Within the United States, the sport of rally racing is a special niche. It's a style of racing that doesn't fulfill most Americans' need for constant stimulant...yet somehow they find cars driving in a circle for too many hours entertaining. Regardless, this humble sport of rally is growing in popularity in the U.S. This growth comes partly from grassroots events, like the RallySprint put on by Northwest Rally Association and SCCA.
The Northwest Rally Association was founded by Kito Brielmaier and Katie Lobkovich. Both avid rally fans and racers themselves, they sought to build rally as a sport and community in the Pacific Northwest and beyond. Kito heard about rally sprints long ago and decided to bring it back as a series existing in the middle ground between rallycross and full stage rally. These sprints are a great way for drivers to race at higher speeds and complexities without having to make the big (expensive) leap into full stage rally. Over 450 people attend Kito & Katies frist event, with attendees enduring the best weather the northwest had to offer...meaning torrential downpours, wind and bitter temperatures. Thankfully, coming into their second year, spectators and drivers were greeted with crisp air and beautiful sunshine. In the foothills of the cascades at the iconic DirtFish Rally School compound, the stage was set for fun and "dirty" race day!
DirtFish Rally School was built on the boneyard of an old lumber mill. If you have ever watched Twin Peaks, you might recognize the iconic smoke stack and police station. These iconic landmarks are now home to DirtFish's main office and classrooms. Kito and DirtFish worked out two approximately 3.5 mile long courses to run for the morning and afternoon sessions. Both provided a mixture of fast straights and flowing tight corners perfect for every rally driver's pendulum fantasies.
In classic rally fashion, the paddock area was full of Subaru Imprezas old and new, from barely modified to fully built. I was happy to see a few BMW E36 M3s and an old school Volvo 240 show up to represent the rear wheel drive heritage in rally. My good friend and former DirtFish student, Kevin Walsh, made his debut rally appearance in his new purchased Evil Bikes open class Subaru STI. As owner of Evil Bikes, he has grown one of the hottest bike companies in the industry and now he's trying out this racing with 4 wheels thing instead of just 2. I was very excited to see if any of the skills I taught him had stuck. Among all the great rally cars though, I think the crowd favorite was not a car but a baby goat, aka the Rally Goat. More cameras were pointed at it than any other car in the paddock.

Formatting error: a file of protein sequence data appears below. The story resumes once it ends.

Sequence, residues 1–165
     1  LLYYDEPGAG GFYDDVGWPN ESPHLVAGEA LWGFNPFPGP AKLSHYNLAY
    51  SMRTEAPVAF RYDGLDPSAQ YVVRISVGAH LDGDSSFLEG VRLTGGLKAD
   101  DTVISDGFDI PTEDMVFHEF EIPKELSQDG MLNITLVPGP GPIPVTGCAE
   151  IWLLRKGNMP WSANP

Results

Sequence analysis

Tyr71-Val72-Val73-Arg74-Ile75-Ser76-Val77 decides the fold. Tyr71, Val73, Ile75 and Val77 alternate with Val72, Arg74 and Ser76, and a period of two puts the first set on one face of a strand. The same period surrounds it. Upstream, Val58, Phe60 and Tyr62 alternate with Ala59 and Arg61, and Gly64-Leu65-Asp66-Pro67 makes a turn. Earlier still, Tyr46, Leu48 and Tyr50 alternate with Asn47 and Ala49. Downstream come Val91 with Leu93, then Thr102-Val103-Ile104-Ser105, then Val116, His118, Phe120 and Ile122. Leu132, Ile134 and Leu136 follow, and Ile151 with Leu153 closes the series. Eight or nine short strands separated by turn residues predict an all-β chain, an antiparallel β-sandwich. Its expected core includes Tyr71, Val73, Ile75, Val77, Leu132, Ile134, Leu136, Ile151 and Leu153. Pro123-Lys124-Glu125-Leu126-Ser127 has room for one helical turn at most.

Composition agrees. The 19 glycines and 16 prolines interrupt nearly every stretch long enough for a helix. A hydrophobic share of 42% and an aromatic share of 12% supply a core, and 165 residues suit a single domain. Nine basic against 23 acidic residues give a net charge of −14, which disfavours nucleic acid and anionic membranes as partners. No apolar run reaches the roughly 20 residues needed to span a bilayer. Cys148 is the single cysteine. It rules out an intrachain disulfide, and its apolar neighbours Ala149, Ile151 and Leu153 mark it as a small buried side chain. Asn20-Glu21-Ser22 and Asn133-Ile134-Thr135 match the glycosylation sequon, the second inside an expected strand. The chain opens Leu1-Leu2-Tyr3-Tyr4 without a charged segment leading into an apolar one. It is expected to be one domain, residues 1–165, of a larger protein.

As a spectator at rally events, even smaller ones like this rally sprint, there is a lot of down time between cars racing by you. Some may find that boring. But, I find it exhilarating for a few reasons. Firstly, the anticipation of the approaching rally car is exciting. The sounds of the gravel spray and engine roar cutting through the trees and landscape in the distance definitely makes your senses tingle. Secondly, as a photographer, it gives me plenty of time to rapidly run from spot to spot getting the best shooting location I can for capturing the approaching gravel machine gun. As an fun bonus, these events provide intense cardio from chasing after the cars for the best shot.
As the racing got underway -it was fun to watch all the different driving styles. Some cars drove tight and tidy whilst others were loud and aggressive. The instructor in me knew the tidier ones would be faster but the more aggressive drivers provided better photos. What a catch 22! One of my personal favorite drivers to watch was Dave Hintz in his blue 1999 BMW M3. The sound of that straight six pierced through the woods as he piloted it from one drift to the next effortlessly linking corners together. He ended up with a time amongst the fastest of the all wheel drive cars. It's not about what you drive but how you drive. Nevertheless, the sound of burping rumbling boxer engines racing never ceases to make me giggle like a kid, especially with the snap, crackle, and pop of back fire. The open class 2015 Subaru STI, piloted by James Rimmer, flew the flag of DirtFish high and fast. Being the son of DirtFish's owner, James was on his home turf and he put on a show for all the fans throwing the car fast and sideways into all the corners. His speed and capabilities in that car were ferocious, especially since he had some recent practice with it in the Canadian Rally Championship. He would have come away with the overall win had it not been for a few exuberant moments that resulted in a few course cone casualties docking his time.
When the dust eventually settled on a full day of sideways rally action the winners were:
Kevin Wahl - 2002 Subaru WRX
Andy Sharples - 2000 Subaru WRX
James Rimmer - 2015 Subaru STI
Open Lites AWD:
Andy Miller - 2000 Subaru Impreza 2.5RS
Tony Torchia - 2003 Subaru Impreza
Brian Jeide - 2002 Subaru Impreza
Dave Hintz - 1999 BMW M3
Michael Cadwell - 1994 BMW 325is
Chris Kobayashi - 2000 Ford Focus
Personally, I love seeing DirtFish host events like this since a majority of the time the compound is used solely for school classes. To have such a world class place like DirtFish be a part of this grassroots events makes me excited for the future of rally in the U.S.
I'm excited to see this series grow in the years to come!